Featured Research

from universities, journals, and other organizations

Alcohol use, anxiety predict Facebook use by college students

Date:
April 10, 2013
Source:
University of Missouri-Columbia
Summary:
Anxiety and alcohol use significantly predict emotional connectedness to Facebook, a new study suggests. According to one of the researchers, alcohol use is generally viewed as normative, or socially acceptable, among college students, so increased alcohol use may cause an increase in emotional connectedness to Facebook. Researchers also found that marijuana use predicted the opposite: a lack of emotional connectedness with Facebook.

With nearly one billion users worldwide, Facebook has become a daily activity for hundreds of millions of people. Because so many people engage with the website daily, researchers are interested in how emotionally involved Facebook users become with the social networking site and the precursors that lead to Facebook connections with other people.
Credit: © Photosani / Fotolia

With nearly one billion users worldwide, Facebook has become a daily activity for hundreds of millions of people. Because so many people engage with the website daily, researchers are interested in how emotionally involved Facebook users become with the social networking site and the precursors that lead to Facebook connections with other people. Russell Clayton, now a doctoral student at the University of Missouri School of Journalism, found that anxiety and alcohol use significantly predict emotional connectedness to Facebook.

Related Articles


Clayton's master's thesis, conducted under the supervision of Randall Osborne, Brian Miller, and Crystal Oberle of Texas State University, surveyed more than 225 college freshmen students concerning their perceived levels of loneliness, anxiousness, alcohol use, and marijuana use in the prediction of emotional connectedness to Facebook and Facebook connections. They found that students who reported higher levels of anxiousness and alcohol use appeared to be more emotionally connected with the social networking site. Clayton and his colleagues also found that students who reported higher levels of loneliness and anxiousness use Facebook as a platform to connect with others.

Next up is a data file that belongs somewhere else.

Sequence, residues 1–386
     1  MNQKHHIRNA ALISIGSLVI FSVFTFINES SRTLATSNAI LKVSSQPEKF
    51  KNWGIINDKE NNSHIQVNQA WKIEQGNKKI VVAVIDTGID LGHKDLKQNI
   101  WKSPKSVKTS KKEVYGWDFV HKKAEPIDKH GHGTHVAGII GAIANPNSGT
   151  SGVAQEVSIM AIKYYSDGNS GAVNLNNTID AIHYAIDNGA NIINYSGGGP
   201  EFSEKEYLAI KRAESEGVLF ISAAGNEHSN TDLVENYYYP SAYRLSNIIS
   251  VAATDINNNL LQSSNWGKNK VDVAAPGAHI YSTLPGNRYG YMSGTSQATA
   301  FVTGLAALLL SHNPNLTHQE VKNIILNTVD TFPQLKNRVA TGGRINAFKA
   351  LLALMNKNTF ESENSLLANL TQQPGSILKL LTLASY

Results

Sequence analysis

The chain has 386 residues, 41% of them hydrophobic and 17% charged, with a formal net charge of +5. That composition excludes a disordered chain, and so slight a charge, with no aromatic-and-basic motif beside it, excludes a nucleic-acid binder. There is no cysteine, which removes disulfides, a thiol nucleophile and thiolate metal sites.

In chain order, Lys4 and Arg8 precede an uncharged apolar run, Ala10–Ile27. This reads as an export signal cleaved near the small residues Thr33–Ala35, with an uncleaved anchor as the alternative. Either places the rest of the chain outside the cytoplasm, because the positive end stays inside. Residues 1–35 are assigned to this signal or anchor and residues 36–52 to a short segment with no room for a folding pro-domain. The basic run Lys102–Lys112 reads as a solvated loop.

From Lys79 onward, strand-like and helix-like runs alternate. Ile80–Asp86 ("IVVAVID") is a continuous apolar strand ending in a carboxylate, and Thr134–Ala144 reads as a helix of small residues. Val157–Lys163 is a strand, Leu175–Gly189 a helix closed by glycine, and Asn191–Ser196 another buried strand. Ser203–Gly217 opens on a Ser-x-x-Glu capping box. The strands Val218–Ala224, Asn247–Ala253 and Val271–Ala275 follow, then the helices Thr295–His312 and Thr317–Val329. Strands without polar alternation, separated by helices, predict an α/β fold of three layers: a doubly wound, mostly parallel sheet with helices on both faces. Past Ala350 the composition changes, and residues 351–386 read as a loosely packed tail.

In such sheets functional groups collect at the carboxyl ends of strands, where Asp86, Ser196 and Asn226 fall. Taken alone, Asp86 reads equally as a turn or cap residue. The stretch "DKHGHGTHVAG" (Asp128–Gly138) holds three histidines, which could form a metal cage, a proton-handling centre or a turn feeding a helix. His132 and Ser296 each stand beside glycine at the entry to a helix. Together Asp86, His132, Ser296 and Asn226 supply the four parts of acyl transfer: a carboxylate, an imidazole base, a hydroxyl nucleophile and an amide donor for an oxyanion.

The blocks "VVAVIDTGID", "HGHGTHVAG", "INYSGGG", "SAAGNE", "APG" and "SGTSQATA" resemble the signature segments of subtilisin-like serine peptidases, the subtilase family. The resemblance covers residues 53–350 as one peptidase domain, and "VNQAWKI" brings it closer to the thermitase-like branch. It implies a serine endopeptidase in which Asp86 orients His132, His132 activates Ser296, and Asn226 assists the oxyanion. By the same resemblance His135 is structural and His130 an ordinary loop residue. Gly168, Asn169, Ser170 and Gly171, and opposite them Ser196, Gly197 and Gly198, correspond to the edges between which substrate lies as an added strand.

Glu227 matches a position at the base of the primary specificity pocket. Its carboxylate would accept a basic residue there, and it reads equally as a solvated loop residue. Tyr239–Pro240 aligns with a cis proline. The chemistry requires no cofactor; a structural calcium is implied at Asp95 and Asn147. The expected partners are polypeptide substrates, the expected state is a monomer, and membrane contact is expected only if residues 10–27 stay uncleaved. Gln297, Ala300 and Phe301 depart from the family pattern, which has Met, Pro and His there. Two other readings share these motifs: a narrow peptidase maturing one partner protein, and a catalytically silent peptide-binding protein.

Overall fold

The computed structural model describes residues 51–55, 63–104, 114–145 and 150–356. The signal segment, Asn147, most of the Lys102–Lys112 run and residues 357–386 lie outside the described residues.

"People who perceive themselves to be anxious are more likely to want to meet and connect with people online, as opposed to a more social, public setting," Clayton said. "Also, when people who are emotionally connected to Facebook view pictures and statuses of their Facebook friends using alcohol, they are more motivated to engage in similar online behaviors in order to fit in socially."

Clayton says that because alcohol use is generally viewed as normative, or socially acceptable, among college students, increased alcohol use may cause an increase in emotional connectedness to Facebook. The researchers also found that marijuana use predicted the opposite: a lack of emotional connectedness with Facebook.

"Marijuana use is less normative, meaning fewer people post on Facebook about using it," Clayton said. "In turn, people who engage in marijuana use are less likely to be emotionally attached to Facebook."

Clayton and his fellow researchers also found that students who reported high levels of perceived loneliness were not emotionally connected to Facebook, but use Facebook as a tool to connect with others.

This study was published in the Journal of Computers in Human Behavior.


Story Source:

The above story is based on materials provided by University of Missouri-Columbia. Note: Materials may be edited for content and length.


Journal Reference:

  1. Russell B. Clayton, Randall E. Osborne, Brian K. Miller, Crystal D. Oberle. Loneliness, anxiousness, and substance use as predictors of Facebook use. Computers in Human Behavior, 2013; 29 (3): 687 DOI: 10.1016/j.chb.2012.12.002